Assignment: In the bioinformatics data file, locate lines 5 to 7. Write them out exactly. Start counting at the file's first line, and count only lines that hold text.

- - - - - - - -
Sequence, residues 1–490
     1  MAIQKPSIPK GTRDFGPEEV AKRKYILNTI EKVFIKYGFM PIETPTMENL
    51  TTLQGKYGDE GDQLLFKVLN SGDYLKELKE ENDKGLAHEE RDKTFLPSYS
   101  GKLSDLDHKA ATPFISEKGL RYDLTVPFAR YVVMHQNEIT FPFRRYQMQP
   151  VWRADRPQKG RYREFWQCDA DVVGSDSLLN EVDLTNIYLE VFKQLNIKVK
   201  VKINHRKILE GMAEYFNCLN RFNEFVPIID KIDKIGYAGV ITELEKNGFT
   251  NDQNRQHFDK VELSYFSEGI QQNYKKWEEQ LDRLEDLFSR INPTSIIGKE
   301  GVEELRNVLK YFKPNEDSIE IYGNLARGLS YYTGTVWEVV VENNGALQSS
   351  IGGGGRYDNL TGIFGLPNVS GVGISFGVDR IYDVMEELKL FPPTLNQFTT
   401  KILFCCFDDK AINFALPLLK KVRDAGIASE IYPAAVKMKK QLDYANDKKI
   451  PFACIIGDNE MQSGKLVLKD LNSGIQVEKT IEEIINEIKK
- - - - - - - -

   151  VWRADRPQKG RYREFWQCDA DVVGSDSLLN EVDLTNIYLE VFKQLNIKVK
   201  VKINHRKILE GMAEYFNCLN RFNEFVPIID KIDKIGYAGV ITELEKNGFT
   251  NDQNRQHFDK VELSYFSEGI QQNYKKWEEQ LDRLEDLFSR INPTSIIGKE